Midway through last night’s lecture featuring Dr. Irwin Jacobs ’56, the Qualcomm CEO snapped a picture of himself with a cellular phone. During his presentation of the new device, Jacobs paused, pressed a button and moments later his color image appeared on the phone’s display panel.
The camera phone — which is already available in Japan — was one of many wireless innovations previewed by Jacobs in front of packed audience in Philips Hall during his presentation, “The Third Generation: Wireless Communications and Beyond.” Jacobs gave the audience a glimpse of the new chip technology currently in development at Qualcomm, the San Diego based telecommunications company he founded in July 1985.
The company is best known for pioneering Code Division Multiple Access (CDMA), the technology used in wireless networks and handsets all over the world.
As part of the Distinguished Lecture Centennial Series, sponsored by the Cornell branch of the Institute of Electrical and Electronics Engineers, Jacobs briefly traced the development of communications technology from the first generation of analog equipment to the wireless revolution of the past several years.
After pulling the camera phone from his suit jacket, Jacobs discussed new cellular phones with the capacity for video, internet and navigational capabilities.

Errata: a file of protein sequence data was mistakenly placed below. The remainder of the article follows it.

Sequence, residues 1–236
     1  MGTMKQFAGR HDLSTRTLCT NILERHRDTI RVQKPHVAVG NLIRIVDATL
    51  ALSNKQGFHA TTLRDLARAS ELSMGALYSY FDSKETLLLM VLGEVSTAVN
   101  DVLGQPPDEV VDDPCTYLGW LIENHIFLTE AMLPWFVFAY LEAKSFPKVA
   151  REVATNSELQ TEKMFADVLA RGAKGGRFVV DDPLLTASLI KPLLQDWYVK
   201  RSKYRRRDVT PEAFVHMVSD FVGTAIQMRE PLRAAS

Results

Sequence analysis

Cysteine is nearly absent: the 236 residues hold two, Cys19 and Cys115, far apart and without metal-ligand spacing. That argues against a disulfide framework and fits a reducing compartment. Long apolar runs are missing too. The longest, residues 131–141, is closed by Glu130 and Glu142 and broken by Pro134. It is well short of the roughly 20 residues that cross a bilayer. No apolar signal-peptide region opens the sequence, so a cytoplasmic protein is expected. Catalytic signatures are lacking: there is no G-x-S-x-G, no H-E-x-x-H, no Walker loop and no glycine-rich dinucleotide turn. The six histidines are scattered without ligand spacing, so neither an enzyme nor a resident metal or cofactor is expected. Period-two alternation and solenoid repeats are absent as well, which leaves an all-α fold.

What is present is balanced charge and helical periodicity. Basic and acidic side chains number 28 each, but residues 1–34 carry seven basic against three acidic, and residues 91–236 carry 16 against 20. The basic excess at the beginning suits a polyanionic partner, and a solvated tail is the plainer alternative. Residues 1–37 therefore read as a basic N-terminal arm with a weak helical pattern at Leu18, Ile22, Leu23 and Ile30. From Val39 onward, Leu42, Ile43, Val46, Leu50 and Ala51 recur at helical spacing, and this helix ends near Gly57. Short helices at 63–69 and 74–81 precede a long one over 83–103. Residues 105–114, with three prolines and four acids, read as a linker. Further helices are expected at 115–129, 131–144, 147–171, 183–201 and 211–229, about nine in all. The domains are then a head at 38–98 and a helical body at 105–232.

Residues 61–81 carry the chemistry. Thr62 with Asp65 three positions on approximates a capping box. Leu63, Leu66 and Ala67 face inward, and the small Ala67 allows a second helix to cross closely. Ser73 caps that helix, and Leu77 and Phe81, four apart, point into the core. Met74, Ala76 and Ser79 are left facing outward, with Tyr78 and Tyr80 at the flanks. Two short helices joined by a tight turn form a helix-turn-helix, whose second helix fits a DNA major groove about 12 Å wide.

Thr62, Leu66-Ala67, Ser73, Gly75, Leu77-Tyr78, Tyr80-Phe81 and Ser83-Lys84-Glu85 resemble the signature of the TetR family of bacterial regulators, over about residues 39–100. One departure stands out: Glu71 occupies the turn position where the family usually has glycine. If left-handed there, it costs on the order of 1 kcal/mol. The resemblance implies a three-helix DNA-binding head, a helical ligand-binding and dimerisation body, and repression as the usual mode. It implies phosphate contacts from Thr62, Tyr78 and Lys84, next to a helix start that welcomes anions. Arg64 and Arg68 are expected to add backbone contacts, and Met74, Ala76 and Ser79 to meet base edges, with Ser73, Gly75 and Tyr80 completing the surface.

“Now that we are getting phones with a lot of memory capacity and access to the internet, what do we want to put on them?” Jacobs asked, before outlining some of Qualcomm’s current projects.
Jacobs spoke of integrating cellular networks with the Global Positioning System (GPS), a worldwide radio navigation system formed from a constellation of satellites. The incorporation of GPS technology would allow for faster 911 responses to cell phone users, as well as downloadable maps and directions, according to Jacobs.
“Your phone will be like the navigator in your car very quickly,” he said.
The introduction of new wireless technology is never easy, however, according to Jacobs. Noting that many of the latest innovations are only available in South Korea and Japan, he discussed the challenges involved in making new wireless technology commercially viable as well as making it compatible with existing network infrastructure.
“The phones themselves need to be smart enough to use whatever technology is available from your favorite provider,” he said. “The phone should do it and you should not be able to notice.”
Jacobs founded Qualcomm in 1985 with no particular product in mind but with a general interest in digital and wireless technologies. The company was ranked 545 on the 2002 Fortune 500 list, and in 2000, that magazine referred to Qualcomm as the “Intel of the wireless era,” based on its innovations in chip technology for mobile devices.
“I love wireless technology and we had one of the founders of wireless technology here with us today,” said Jason Jones JGSM ’05. “He’s amazing and he gave an informative presentation.”
Jason Kwan ’04 also commented on Jacobs’ influence in the industry.
“It was interesting to hear about cell phone technology from an authority on the subject,” he said. “It gave me a good perspective of what is actually coming along in wireless compared to what is being hyped in the media.”
Archived article by Jason Leff